Sex difference in fluid balance responses during prolonged exercise

Authors

  • T. M. H. Eijsvogels,

    1. Department of Physiology, Radboud University Nijmegen Medical Centre, Nijmegen, The Netherlands
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  • R. R. Scholten,

    1. Department of Physiology, Radboud University Nijmegen Medical Centre, Nijmegen, The Netherlands
    2. Department of Obstetrics and Gynecology, Radboud University Nijmegen Medical Centre, Nijmegen, The Netherlands
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  • N. T. L. van Duijnhoven,

    1. Department of Physiology, Radboud University Nijmegen Medical Centre, Nijmegen, The Netherlands
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  • D. H. J. Thijssen,

    1. Department of Physiology, Radboud University Nijmegen Medical Centre, Nijmegen, The Netherlands
    2. Research Institute for Sport and Exercise Sciences, Liverpool John Moores University, Liverpool, UK
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  • M. T. E. Hopman

    Corresponding author
    • Department of Physiology, Radboud University Nijmegen Medical Centre, Nijmegen, The Netherlands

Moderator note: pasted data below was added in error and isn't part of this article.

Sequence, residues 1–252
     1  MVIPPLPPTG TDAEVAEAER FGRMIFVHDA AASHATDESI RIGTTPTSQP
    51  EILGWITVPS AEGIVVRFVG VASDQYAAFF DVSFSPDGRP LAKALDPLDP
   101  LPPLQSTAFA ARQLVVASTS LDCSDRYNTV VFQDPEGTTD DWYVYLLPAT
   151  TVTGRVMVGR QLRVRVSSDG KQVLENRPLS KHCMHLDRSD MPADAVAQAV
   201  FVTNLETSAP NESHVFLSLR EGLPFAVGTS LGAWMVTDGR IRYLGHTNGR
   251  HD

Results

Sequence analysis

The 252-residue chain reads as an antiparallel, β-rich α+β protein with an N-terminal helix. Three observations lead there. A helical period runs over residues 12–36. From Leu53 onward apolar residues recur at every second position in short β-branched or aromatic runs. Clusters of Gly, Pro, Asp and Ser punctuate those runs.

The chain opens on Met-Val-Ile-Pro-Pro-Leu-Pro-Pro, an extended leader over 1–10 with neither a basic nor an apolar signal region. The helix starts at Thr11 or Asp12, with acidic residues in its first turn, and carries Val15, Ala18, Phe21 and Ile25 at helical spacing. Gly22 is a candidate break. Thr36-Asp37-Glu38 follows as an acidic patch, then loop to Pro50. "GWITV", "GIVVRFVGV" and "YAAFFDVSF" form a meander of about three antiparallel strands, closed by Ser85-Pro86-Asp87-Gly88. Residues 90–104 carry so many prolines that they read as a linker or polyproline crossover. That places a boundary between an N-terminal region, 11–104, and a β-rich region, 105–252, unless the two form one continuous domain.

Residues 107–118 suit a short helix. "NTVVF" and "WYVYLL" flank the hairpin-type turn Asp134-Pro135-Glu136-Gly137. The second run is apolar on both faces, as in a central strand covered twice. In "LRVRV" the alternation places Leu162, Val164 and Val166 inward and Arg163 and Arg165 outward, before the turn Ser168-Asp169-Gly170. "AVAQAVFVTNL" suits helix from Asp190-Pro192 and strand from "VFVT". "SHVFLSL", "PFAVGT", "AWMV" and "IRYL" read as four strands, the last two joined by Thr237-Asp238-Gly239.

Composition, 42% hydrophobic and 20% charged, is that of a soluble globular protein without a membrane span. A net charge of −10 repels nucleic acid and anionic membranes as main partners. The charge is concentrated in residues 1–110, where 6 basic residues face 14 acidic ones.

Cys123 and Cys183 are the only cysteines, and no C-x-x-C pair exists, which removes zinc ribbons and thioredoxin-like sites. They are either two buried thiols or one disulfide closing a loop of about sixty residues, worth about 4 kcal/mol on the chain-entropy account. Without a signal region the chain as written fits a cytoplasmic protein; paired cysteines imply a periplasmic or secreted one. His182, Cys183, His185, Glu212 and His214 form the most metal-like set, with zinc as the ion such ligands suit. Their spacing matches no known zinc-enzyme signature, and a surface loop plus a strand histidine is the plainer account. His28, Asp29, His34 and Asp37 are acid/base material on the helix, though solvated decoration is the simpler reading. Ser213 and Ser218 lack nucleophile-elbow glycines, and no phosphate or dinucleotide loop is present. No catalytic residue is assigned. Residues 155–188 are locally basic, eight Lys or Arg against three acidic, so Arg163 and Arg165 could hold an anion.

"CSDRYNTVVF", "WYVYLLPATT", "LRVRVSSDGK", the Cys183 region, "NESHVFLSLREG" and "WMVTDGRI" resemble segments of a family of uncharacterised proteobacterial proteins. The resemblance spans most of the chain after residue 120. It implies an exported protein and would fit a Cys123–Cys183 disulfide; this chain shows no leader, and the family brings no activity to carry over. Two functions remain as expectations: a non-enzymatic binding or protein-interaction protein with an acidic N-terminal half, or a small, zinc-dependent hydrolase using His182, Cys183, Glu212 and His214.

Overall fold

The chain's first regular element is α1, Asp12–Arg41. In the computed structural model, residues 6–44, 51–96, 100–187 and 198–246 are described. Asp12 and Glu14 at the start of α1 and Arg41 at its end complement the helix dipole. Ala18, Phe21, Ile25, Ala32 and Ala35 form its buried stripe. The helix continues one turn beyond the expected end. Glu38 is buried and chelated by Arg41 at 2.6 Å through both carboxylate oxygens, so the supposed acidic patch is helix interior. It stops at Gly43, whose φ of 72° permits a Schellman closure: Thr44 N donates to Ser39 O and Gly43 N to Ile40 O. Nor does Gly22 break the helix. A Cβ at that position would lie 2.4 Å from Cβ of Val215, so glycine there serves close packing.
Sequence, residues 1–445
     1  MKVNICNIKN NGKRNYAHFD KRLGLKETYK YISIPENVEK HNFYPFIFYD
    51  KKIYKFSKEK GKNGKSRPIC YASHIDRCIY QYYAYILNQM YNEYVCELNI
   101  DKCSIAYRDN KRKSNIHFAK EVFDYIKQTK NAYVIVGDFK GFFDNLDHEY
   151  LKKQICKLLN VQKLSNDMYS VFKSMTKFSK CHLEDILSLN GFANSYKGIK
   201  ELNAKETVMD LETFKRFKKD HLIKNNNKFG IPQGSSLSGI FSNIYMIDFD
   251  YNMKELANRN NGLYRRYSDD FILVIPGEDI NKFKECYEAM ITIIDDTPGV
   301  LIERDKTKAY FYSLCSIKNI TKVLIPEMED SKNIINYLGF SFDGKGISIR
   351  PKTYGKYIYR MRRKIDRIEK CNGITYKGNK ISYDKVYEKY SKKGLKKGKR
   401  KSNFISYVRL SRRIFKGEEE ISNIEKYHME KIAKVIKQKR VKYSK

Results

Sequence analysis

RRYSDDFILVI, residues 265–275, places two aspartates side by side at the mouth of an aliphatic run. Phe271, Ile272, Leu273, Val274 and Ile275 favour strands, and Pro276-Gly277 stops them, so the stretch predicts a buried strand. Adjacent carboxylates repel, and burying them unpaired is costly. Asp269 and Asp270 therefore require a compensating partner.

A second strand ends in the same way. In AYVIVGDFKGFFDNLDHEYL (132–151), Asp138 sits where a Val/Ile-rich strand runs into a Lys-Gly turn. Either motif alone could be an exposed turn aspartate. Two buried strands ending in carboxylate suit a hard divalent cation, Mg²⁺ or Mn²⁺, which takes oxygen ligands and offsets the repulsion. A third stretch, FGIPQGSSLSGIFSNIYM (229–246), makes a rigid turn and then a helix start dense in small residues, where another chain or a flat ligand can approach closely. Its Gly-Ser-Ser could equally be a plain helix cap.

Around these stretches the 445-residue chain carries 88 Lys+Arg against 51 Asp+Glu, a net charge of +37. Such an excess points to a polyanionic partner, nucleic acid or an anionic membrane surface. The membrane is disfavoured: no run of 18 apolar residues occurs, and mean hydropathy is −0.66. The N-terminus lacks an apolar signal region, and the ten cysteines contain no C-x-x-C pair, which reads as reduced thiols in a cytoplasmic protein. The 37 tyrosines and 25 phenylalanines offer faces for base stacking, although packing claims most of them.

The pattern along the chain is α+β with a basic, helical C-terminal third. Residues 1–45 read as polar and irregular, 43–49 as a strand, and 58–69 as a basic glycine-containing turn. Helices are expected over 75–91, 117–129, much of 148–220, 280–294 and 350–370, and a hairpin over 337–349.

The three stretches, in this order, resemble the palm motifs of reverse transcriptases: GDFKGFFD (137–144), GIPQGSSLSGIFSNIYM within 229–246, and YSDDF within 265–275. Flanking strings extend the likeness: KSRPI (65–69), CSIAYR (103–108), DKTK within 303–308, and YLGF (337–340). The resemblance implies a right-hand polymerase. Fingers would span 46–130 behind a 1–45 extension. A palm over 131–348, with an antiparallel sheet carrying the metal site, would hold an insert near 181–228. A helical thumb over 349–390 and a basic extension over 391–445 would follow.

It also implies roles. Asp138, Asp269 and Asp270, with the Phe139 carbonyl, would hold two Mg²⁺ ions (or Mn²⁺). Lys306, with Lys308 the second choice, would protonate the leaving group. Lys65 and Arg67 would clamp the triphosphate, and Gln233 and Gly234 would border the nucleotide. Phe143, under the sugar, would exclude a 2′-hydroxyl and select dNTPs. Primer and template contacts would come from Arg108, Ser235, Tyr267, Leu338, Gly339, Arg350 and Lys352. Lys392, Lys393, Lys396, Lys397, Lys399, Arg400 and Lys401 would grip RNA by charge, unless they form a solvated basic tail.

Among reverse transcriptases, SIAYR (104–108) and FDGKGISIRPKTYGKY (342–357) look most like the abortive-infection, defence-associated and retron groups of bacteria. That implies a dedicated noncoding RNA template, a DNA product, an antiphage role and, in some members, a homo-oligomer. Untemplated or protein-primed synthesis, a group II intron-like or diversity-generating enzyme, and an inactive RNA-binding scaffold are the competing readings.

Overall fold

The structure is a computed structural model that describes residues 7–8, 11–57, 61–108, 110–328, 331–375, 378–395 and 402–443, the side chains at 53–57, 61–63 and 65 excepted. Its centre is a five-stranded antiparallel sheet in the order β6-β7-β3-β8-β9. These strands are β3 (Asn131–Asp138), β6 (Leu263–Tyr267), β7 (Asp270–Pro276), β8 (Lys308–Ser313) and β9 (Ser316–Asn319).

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  • Conflicts: None.

Corresponding author: Dr M. T. E. Hopman, Department of Physiology (143), Radboud University Nijmegen Medical Centre, PO Box 9101, 6500 HB Nijmegen, The Netherlands. Tel: (+31) (0)24 36 13650, Fax: (+31) (0)24 354 0535, E-mail: m.hopman@fysiol.umcn.nl

Abstract

Maintaining a proper fluid balance is important during exercise as athletes are prone to develop dehydration during exercise. Although several factors may regulate the fluid balance, little is known about the role of sex during prolonged moderate-intensity exercise. Therefore, we compared body mass changes and fluid balance parameters in men vs women in a large heterogeneous group of participants during prolonged exercise. Ninety-eight volunteers walked 30–50 km at a self-selected pace. Exercise duration (8 h, 32 min) and intensity (69% HRmax) were comparable between groups. Men demonstrated a significantly larger change in body mass than women (−1.6% vs −0.9%, respectively, P < 0.001) and a higher incidence of dehydration (defined as ≥2% body mass loss) compared with women (34% vs 12%, respectively, odds ratio = 4.2, 95% CI = 1.1–16.7). Changes in blood sodium levels were significantly different between men (+1.5 mmol/L) and women (−0.4 mmol/L), while 27% of the men vs 0% of the women showed postexercise hypernatremia (sodium levels ≥ 145 mmol/L). Moreover, men demonstrated a significantly lower fluid intake (2.9 mL/kg/h) and higher fluid loss (5.0 mL/kg/h) compared with women (3.7 and 4.8 mL/kg/h, respectively). Taken together, our data suggest that men and women demonstrate different changes in fluid balance in response to a similar bout of exercise.

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